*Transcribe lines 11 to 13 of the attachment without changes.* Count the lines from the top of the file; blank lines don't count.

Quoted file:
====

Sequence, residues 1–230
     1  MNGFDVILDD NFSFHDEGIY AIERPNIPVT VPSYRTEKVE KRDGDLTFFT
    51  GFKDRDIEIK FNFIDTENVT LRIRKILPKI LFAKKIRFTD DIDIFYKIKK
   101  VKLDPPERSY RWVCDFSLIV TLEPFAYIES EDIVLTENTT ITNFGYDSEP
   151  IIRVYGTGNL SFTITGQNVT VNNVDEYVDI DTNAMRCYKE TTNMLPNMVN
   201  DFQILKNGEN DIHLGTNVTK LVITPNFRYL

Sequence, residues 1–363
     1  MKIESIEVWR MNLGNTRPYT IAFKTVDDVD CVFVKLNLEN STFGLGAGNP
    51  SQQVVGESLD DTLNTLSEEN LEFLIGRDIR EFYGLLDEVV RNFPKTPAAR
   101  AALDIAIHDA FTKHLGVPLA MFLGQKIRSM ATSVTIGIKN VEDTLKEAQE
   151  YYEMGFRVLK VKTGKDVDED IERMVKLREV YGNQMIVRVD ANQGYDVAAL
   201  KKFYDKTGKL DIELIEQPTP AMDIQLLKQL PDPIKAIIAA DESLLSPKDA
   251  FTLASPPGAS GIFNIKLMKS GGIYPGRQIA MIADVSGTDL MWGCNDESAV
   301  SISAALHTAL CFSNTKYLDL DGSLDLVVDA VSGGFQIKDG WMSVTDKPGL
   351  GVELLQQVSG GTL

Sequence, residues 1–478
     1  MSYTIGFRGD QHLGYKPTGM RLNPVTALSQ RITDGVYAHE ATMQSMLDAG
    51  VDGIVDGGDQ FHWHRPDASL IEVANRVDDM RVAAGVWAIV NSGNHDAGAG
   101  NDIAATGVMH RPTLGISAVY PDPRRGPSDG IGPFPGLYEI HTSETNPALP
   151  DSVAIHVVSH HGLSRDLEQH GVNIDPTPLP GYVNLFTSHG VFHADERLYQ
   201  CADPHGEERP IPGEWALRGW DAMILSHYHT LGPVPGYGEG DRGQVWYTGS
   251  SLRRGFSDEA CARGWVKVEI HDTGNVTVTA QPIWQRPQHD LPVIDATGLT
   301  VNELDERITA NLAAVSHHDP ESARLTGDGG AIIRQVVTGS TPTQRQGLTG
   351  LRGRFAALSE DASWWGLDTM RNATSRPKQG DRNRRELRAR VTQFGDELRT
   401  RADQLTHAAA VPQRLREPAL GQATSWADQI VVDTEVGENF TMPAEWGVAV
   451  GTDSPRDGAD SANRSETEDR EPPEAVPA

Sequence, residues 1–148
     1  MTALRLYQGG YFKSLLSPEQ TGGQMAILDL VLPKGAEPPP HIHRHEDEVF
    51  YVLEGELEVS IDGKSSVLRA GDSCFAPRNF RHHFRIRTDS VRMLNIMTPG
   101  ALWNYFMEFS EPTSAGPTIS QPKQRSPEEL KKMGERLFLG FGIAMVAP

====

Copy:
   151  YYEMGFRVLK VKTGKDVDED IERMVKLREV YGNQMIVRVD ANQGYDVAAL
   201  KKFYDKTGKL DIELIEQPTP AMDIQLLKQL PDPIKAIIAA DESLLSPKDA
   251  FTLASPPGAS GIFNIKLMKS GGIYPGRQIA MIADVSGTDL MWGCNDESAV